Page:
In this revisionary study of Dryden's thought, David Haley argues that Dryden was the first English poet after Shakespeare to engage in historical reflection upon his own culture. Addressing an audience for whom literature was bound up with religion and politics, Dryden exercised the moral integrity of a public poet and brought home to his readers the meaning of their historical experience.Haley has made an original synthesis of literary and cultural history, examining Dryden's works beforeAbsalom and Achitopheland showing that throughout this period the Great Rebellion remained the matrix of Dryden's thought. Cromwell, who had inspired the regicides but then abolished the Commonwealth, was the one man able to control the army, and he became Dryden's model of authority. Cromwell's death, however, unleashed republican radicals who threatened to bring in tyranny by the people. At the Restoration, Dryden looked to Charles II and his brother to prove that their authority was no less providential and effective than Cromwell's had been.Dryden's religious and literary opinions evolved likewise out of his tumultuous early career. Haley finds that as late as 1682, Dryden, a Puritan who had yet to convert to Catholicism, failed to see that the radical freedom of the republicans was cousin to the freedom of thought he always championed against spiritual tyranny. Dryden's belief in private judgment drove him finally to reject the most subtle tyrant of all, the Restoration Church of England. In similar fashion, Dryden wrestled with the problem of freedom in his heroic plays, whose subjectivity reflects the morally irresponsible imagination. By 1680, the poet had grown alarmed at a moral relativism that promised, like republicanism, to lead to anarchy, and he took refuge in satire.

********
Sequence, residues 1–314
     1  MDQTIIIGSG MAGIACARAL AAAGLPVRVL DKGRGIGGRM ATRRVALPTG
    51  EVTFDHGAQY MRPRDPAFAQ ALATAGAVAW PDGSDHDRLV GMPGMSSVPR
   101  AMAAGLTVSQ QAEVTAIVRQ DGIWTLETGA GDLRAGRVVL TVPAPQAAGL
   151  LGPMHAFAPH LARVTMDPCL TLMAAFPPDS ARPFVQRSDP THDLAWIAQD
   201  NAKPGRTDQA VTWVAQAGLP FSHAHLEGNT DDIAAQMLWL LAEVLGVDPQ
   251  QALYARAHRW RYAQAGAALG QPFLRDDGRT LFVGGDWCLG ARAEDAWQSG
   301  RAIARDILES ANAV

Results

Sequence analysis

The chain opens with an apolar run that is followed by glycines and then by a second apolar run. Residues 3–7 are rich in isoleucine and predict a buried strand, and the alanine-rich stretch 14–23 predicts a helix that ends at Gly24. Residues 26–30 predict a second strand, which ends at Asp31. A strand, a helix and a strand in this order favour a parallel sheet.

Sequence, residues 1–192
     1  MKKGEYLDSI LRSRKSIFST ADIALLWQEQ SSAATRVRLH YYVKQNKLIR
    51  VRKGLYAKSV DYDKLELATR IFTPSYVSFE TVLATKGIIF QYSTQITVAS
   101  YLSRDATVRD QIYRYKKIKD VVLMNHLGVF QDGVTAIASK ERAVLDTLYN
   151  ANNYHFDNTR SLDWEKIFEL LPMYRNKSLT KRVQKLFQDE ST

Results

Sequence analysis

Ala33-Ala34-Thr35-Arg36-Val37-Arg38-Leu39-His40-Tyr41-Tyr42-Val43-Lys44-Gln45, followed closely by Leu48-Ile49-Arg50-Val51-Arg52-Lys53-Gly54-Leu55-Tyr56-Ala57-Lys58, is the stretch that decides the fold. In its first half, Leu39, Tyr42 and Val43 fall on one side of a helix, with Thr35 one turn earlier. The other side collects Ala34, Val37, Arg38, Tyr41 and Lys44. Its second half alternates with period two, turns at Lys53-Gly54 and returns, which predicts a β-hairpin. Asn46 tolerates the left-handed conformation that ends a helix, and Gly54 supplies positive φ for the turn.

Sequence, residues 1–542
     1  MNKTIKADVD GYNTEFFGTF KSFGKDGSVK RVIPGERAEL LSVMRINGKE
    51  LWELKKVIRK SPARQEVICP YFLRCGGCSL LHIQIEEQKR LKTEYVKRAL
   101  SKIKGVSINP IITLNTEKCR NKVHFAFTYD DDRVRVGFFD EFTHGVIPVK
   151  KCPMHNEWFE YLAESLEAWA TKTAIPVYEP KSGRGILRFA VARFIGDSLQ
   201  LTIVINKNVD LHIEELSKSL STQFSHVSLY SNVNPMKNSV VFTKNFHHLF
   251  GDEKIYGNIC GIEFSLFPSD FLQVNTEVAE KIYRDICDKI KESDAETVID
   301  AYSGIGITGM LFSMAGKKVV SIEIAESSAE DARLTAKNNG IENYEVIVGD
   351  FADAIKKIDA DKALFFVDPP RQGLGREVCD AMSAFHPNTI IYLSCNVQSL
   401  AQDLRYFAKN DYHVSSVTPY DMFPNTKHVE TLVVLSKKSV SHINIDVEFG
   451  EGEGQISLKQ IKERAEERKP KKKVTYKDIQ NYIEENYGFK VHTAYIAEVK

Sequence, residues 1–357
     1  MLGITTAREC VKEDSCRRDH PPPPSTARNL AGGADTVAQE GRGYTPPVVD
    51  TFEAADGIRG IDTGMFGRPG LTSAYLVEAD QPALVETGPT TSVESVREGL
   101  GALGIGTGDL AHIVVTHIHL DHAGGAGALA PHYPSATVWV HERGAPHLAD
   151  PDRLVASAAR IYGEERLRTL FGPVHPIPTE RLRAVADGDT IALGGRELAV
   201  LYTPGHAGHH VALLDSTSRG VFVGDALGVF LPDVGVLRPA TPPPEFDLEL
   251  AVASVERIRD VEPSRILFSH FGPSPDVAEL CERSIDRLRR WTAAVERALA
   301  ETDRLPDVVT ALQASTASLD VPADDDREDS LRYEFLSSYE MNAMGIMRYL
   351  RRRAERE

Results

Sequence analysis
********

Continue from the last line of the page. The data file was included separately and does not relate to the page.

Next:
Dryden and the Problem of Freedom
Subjects: Language & Literature